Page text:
In microeconomics, supply and demand is an economic model of price determination in a market. It concludes that in a competitive market, the unit price for a particular good will vary until it settles at a point where the quantity demanded by consumers (at current price) will equal the quantity supplied by producers (at current price), resulting in an economic equilibrium for price and quantity.
Supply and demand is the driving force behind market based economies. Supply is the amount of a product in a market, and demand is how desirable the product is to the consumers.
The Law of Supply
The higher the market price climbs for a product, the more likely businesses will produce a larger quantity of that product to maximize the money earned from the market. Products that have lower prices, and a smaller profit return on the product, will be less likely to be supplied as that in turn means they make less money for the producer. A chart of a supply line should have the price on one axis, and the quantity on the other. As prices go up, quantity would go up as well, having the supply line rise in an upward slope.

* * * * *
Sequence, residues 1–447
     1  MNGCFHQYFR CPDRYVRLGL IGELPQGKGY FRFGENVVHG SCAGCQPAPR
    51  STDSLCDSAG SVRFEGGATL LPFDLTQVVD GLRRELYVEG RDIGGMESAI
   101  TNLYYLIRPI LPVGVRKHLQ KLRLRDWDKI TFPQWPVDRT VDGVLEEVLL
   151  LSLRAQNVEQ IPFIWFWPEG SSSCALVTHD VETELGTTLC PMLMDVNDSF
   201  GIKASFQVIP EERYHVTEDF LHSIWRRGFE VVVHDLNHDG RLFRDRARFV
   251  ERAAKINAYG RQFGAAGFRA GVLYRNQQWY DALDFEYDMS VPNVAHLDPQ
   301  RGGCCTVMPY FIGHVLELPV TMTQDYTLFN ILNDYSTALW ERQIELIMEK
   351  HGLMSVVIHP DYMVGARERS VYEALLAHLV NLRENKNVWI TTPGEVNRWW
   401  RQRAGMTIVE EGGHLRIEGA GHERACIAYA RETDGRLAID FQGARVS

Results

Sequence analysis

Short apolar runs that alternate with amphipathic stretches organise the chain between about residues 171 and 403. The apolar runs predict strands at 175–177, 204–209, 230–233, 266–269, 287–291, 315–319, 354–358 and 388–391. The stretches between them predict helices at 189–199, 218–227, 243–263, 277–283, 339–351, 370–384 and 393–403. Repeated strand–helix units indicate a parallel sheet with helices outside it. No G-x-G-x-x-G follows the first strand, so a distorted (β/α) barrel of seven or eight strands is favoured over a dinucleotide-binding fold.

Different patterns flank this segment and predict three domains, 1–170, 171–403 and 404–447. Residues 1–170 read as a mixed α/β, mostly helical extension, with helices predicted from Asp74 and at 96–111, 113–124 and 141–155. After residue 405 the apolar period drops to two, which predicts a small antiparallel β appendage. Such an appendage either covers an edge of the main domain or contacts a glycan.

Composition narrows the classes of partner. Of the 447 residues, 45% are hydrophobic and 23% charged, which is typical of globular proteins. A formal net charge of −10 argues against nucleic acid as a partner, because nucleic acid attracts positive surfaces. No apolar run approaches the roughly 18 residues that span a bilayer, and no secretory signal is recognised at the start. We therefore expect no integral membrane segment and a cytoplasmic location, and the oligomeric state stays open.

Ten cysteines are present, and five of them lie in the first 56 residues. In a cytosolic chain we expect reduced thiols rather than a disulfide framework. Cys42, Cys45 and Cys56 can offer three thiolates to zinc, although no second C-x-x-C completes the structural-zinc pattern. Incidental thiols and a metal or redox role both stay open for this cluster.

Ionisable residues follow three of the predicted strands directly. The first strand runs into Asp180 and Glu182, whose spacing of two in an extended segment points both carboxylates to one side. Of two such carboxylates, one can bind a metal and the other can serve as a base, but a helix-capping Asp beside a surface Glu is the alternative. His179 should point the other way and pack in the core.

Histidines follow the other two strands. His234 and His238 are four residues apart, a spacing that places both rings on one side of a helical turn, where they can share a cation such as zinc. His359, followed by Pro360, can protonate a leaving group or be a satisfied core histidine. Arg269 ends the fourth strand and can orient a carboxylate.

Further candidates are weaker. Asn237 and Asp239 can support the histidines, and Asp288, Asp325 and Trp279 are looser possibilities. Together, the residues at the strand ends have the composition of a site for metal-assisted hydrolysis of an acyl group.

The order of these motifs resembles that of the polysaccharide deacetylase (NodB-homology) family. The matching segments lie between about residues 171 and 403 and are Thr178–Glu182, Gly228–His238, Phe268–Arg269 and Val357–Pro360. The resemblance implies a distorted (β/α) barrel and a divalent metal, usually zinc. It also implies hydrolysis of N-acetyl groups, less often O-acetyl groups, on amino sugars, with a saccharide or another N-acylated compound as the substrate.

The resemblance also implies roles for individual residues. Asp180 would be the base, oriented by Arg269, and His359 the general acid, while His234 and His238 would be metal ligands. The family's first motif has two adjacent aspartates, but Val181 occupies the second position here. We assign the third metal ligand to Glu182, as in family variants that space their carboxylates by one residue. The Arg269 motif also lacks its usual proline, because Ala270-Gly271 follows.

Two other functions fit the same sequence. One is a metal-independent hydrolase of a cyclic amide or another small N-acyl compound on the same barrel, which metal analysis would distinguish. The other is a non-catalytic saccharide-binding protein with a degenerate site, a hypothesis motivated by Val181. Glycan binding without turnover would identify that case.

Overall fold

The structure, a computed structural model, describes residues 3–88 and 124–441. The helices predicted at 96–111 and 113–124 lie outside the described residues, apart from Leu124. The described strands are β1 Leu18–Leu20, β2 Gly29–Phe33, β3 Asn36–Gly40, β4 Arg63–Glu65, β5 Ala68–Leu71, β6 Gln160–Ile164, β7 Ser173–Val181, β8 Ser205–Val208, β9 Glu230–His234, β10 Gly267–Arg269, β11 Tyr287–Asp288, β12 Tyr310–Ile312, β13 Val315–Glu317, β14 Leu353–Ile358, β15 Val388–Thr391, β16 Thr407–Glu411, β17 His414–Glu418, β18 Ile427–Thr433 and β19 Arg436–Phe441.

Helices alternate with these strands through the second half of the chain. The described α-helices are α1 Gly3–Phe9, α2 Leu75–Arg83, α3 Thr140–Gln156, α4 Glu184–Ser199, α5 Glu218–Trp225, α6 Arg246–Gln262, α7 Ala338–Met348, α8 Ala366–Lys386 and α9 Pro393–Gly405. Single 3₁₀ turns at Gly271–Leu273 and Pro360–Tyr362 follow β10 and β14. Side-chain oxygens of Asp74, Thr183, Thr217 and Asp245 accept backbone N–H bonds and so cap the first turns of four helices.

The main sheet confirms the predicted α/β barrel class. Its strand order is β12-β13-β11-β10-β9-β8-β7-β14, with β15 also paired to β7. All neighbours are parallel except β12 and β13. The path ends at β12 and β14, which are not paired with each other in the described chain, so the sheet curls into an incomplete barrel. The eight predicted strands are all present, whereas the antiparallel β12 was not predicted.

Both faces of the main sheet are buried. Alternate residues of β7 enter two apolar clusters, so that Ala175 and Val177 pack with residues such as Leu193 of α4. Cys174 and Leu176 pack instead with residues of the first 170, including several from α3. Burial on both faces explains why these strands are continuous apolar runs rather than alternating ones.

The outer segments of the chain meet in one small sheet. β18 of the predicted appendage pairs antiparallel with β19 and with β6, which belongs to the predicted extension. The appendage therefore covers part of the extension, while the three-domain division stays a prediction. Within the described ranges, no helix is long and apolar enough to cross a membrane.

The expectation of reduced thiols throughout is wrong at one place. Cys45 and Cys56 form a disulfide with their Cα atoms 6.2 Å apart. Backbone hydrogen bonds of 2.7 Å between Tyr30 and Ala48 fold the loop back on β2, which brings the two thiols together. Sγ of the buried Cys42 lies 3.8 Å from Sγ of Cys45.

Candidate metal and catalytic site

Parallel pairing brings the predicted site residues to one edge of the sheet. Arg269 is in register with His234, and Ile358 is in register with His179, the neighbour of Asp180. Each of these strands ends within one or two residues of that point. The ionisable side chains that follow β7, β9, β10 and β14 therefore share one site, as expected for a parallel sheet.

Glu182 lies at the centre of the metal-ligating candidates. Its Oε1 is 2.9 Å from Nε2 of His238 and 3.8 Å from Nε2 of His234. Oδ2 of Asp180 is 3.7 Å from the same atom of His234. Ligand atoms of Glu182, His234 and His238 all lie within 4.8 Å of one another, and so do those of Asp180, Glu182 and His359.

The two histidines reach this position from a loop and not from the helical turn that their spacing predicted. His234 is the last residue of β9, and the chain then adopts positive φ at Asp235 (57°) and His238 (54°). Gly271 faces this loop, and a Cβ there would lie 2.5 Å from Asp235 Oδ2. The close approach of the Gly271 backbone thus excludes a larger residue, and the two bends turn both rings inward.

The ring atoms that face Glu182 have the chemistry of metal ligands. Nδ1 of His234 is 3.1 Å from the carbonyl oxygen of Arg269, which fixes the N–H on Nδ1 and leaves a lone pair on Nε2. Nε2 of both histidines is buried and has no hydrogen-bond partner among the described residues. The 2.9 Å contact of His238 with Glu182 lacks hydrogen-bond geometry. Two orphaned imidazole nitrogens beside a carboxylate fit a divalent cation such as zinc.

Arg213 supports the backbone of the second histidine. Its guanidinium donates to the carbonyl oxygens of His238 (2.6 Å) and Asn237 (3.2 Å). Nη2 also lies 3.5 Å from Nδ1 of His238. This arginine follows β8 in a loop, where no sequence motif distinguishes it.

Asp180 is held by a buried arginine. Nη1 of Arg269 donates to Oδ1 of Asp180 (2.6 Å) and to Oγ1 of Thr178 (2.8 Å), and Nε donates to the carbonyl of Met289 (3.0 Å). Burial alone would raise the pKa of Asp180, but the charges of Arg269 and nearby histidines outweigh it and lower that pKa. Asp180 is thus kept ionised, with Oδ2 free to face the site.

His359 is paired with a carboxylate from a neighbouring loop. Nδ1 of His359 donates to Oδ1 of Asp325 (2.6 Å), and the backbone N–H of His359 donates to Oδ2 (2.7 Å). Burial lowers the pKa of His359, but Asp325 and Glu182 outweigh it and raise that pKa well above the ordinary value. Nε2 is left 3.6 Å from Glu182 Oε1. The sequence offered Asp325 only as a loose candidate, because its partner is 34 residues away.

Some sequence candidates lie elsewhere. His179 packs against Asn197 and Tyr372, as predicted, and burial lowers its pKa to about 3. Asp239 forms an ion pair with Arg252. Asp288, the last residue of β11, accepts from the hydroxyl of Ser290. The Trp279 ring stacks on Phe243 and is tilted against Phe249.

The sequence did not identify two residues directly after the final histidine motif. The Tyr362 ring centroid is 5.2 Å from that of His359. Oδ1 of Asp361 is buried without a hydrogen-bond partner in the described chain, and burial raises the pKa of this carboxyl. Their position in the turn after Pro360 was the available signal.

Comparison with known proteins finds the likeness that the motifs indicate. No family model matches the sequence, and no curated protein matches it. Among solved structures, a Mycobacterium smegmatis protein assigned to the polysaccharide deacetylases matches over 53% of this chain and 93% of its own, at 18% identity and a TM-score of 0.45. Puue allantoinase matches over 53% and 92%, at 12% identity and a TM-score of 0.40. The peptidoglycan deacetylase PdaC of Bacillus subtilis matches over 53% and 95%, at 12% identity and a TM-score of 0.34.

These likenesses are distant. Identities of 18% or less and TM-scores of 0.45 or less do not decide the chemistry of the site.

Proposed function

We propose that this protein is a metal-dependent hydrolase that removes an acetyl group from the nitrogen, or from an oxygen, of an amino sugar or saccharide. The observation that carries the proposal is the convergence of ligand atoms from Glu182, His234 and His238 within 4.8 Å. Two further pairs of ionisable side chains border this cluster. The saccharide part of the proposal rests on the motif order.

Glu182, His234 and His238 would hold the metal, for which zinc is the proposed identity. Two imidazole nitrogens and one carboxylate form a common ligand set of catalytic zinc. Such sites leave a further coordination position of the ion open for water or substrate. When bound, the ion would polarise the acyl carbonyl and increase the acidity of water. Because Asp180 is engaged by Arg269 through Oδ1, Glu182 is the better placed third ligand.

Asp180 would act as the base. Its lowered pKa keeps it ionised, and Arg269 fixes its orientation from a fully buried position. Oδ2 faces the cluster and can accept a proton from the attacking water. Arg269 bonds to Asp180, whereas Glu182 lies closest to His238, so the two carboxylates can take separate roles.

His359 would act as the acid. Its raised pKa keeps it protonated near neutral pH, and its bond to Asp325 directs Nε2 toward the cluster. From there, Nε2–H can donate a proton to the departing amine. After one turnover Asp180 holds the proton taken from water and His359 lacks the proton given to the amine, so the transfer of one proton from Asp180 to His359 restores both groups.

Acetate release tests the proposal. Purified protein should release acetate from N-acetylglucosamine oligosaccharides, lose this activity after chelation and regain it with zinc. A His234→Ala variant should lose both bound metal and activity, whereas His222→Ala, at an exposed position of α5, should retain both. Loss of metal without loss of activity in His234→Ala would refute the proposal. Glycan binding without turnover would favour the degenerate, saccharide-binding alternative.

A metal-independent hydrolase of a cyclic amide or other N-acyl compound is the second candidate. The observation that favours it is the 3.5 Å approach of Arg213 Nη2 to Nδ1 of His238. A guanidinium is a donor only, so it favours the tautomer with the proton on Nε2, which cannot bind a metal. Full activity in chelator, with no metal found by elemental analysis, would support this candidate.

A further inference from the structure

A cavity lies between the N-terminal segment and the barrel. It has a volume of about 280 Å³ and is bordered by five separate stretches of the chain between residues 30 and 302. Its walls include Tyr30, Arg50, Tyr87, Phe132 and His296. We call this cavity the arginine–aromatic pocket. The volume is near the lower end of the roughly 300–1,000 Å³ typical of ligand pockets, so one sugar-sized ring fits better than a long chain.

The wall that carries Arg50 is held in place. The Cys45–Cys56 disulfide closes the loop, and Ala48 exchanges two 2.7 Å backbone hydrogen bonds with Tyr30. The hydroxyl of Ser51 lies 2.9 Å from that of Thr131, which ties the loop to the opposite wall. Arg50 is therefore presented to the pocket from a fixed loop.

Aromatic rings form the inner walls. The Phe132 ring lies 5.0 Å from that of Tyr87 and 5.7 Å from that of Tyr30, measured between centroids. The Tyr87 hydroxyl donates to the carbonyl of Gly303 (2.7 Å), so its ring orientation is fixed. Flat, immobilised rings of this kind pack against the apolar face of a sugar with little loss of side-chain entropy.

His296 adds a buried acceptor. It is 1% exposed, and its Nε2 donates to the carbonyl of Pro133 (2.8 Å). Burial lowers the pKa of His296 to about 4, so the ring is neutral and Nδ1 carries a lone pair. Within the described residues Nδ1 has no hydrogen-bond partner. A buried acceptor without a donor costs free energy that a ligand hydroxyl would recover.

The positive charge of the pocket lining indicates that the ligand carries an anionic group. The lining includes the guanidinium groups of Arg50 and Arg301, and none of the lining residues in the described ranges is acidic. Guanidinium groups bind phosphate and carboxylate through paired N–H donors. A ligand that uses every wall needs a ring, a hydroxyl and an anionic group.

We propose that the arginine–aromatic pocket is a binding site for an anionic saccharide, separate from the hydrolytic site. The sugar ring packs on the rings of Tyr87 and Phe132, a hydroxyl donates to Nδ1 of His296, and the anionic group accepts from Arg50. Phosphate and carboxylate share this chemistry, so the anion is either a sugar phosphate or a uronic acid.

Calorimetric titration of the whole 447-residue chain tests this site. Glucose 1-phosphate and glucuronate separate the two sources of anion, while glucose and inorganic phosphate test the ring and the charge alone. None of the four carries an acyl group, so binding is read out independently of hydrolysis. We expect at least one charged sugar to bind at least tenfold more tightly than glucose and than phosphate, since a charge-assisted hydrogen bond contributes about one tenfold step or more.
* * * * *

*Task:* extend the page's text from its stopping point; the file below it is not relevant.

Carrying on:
The Law of Demand
The higher the price in the market for a product, the less people will demand to have the product. If purchasers can’t afford a product, or if the price is too costly without having enough benefit in owning a product, then the consumers in the market will look to other options instead. This is an opposite reaction from the supply side. To chart demand, use price and quantity on each axis as well. The line should start at a high price and low quantity, moving towards low prices at high quantity, creating a declining slope.
Knowing the right amount of product to release helps keep the market at an equilibrium, which is a point where the supply and demand are balanced. A surplus occurs when too much supply exists in the market, and it can drive prices below what is necessary to make a profit from the product. If too little supply is available that is called a shortage, and that can inflate the cost of a product due to its current scarcity in the market.